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'It certainly wasn't clear': Licensed psychologist confused about DOJ investigation into how mentally ill are treated in Louisville

“If I had to pick someplace with having problems of services being available, it would not have been Louisville," Dr. Sheila Schuster said.

LOUISVILLE, Ky. — Kentucky's governor called the federal investigation into the commonwealth's mental health services and how people with mental illness are treated surprising and aggressive.

Gov. Andy Beshear also said he wants answers from the U.S. Department of Justice (DOJ) about what led to their investigation. 

"We are going to cooperate, but if they want cooperation, we need to understand how they got to where they are and where they think they're going,” Beshear said.

Mental health professionals said they're also surprised by the investigation. 

“If I had to pick someplace with having problems of services being available, it would not have been Louisville," Dr. Sheila Schuster said. 

Schuster, a licensed psychologist, is also executive director of the Kentucky Mental Health Coalition. The coalition represents 80 mental health organizations within the state, including psychiatric hospitals and community-based mental health programs.

"In terms of other places in the state, I think we have a lot of community resources here, so I was surprised," Schuster said. "I was also wondering exactly what they were going after because it certainly wasn't clear."

In a press release sent out on May 24, the DOJ says they’re looking into if the state subjects adults with serious mental illness living in Louisville to “unnecessary institutionalization.” 

The DOJ is also investigating if Kentucky puts people with serious mental illness at risk of encountering police by not providing community-based mental health services.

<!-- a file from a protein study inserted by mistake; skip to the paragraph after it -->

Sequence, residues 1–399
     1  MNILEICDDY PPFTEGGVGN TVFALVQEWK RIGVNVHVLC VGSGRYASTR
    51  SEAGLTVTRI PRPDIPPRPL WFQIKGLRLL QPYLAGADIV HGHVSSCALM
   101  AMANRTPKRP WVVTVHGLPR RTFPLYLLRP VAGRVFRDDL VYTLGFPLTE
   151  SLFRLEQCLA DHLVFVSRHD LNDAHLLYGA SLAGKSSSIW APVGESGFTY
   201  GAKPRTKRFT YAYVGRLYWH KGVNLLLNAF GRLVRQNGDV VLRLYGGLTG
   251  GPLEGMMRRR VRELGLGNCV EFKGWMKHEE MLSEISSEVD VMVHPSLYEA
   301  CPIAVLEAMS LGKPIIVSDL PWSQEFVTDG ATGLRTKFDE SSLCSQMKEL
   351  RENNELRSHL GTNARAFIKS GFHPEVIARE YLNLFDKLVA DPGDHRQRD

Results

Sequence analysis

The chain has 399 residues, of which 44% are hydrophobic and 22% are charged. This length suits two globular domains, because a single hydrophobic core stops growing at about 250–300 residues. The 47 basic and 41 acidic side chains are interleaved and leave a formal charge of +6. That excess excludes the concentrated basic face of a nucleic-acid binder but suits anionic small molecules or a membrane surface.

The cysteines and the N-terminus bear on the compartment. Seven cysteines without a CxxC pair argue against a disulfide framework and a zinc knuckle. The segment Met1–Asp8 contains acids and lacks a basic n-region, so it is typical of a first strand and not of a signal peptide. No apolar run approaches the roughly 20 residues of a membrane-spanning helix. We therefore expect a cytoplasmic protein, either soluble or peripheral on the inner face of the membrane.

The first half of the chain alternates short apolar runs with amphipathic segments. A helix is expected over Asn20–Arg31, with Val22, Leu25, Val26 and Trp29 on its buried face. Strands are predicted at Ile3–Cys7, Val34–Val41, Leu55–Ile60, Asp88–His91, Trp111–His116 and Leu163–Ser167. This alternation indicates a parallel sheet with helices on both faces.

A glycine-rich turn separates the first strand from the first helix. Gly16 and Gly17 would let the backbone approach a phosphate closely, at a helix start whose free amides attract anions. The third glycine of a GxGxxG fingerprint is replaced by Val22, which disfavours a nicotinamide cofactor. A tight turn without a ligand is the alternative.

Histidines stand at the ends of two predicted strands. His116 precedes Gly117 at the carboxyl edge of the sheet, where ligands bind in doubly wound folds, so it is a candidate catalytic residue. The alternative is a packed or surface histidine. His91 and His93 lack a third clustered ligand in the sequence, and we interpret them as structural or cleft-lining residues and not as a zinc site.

Beshear said the DOJ called his office about an hour before the release came out.

However, the Kentucky Democrat said his office got a letter alluding to an investigation but thought the DOJ was simply on a fact-finding mission into institutionalization levels in the state.

"But then the press release came out, and it was pretty aggressive," Beshear said. "It talked not just about institutionalization, but it also talked about not finding people in the community suffering from mental illness and helping them before they might become engaged in criminal activity or in confrontations with the police."

Beshear said he never would have launched a public investigation without having documentation and or conversations with the parties involved.

"The Federal Government, Department of Justice, had not reached out, to my knowledge, to a single state official before the heads-up call," Beshear said. "They hadn't requested any documentation or data whatsoever."

Schuster says typically, DOJ investigations end when the department finds a problem is caused because of a gap in funding.

"If you talk to Seven County Services, which is our community mental health center, if you talk to community providers like Bridge Haven that runs a day treatment program, or Wellspring that has supported housing for people with serious mental illness, they would say funding is always a problem,” she said.

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